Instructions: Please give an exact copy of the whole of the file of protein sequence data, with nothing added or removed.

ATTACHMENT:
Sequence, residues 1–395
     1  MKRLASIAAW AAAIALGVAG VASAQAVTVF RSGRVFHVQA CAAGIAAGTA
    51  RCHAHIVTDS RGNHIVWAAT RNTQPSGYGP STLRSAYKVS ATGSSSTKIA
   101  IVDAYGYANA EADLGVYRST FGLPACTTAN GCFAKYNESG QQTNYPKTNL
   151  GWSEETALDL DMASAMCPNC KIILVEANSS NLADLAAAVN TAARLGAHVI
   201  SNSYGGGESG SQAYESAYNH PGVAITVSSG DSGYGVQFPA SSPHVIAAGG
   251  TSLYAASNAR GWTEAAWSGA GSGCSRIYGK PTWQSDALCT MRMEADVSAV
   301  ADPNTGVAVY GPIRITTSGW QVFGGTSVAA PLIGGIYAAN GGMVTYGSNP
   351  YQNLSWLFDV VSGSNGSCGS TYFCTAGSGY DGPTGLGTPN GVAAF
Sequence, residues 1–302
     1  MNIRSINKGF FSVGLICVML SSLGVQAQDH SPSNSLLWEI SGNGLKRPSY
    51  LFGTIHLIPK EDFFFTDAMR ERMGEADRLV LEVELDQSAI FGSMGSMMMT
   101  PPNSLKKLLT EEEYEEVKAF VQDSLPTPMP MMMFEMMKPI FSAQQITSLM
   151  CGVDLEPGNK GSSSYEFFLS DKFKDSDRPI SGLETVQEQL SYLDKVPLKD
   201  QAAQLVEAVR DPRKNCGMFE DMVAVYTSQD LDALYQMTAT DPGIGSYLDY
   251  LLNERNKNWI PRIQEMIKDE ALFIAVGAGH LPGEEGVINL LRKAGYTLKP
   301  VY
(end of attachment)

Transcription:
Sequence, residues 1–395
     1  MKRLASIAAW AAAIALGVAG VASAQAVTVF RSGRVFHVQA CAAGIAAGTA
    51  RCHAHIVTDS RGNHIVWAAT RNTQPSGYGP STLRSAYKVS ATGSSSTKIA
   101  IVDAYGYANA EADLGVYRST FGLPACTTAN GCFAKYNESG QQTNYPKTNL
   151  GWSEETALDL DMASAMCPNC KIILVEANSS NLADLAAAVN TAARLGAHVI
   201  SNSYGGGESG SQAYESAYNH PGVAITVSSG DSGYGVQFPA SSPHVIAAGG
   251  TSLYAASNAR GWTEAAWSGA GSGCSRIYGK PTWQSDALCT MRMEADVSAV
   301  ADPNTGVAVY GPIRITTSGW QVFGGTSVAA PLIGGIYAAN GGMVTYGSNP
   351  YQNLSWLFDV VSGSNGSCGS TYFCTAGSGY DGPTGLGTPN GVAAF
Sequence, residues 1–302
     1  MNIRSINKGF FSVGLICVML SSLGVQAQDH SPSNSLLWEI SGNGLKRPSY
    51  LFGTIHLIPK EDFFFTDAMR ERMGEADRLV LEVELDQSAI FGSMGSMMMT
   101  PPNSLKKLLT EEEYEEVKAF VQDSLPTPMP MMMFEMMKPI FSAQQITSLM
   151  CGVDLEPGNK GSSSYEFFLS DKFKDSDRPI SGLETVQEQL SYLDKVPLKD
   201  QAAQLVEAVR DPRKNCGMFE DMVAVYTSQD LDALYQMTAT DPGIGSYLDY
   251  LLNERNKNWI PRIQEMIKDE ALFIAVGAGH LPGEEGVINL LRKAGYTLKP
   301  VY